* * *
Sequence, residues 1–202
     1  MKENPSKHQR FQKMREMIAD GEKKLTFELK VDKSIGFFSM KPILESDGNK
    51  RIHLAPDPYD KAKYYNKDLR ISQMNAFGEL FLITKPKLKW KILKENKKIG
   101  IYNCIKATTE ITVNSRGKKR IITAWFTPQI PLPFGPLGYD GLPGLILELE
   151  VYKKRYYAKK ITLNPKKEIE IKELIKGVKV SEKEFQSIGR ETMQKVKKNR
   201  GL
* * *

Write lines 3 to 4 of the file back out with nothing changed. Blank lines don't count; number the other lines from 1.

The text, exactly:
    51  RIHLAPDPYD KAKYYNKDLR ISQMNAFGEL FLITKPKLKW KILKENKKIG
   101  IYNCIKATTE ITVNSRGKKR IITAWFTPQI PLPFGPLGYD GLPGLILELE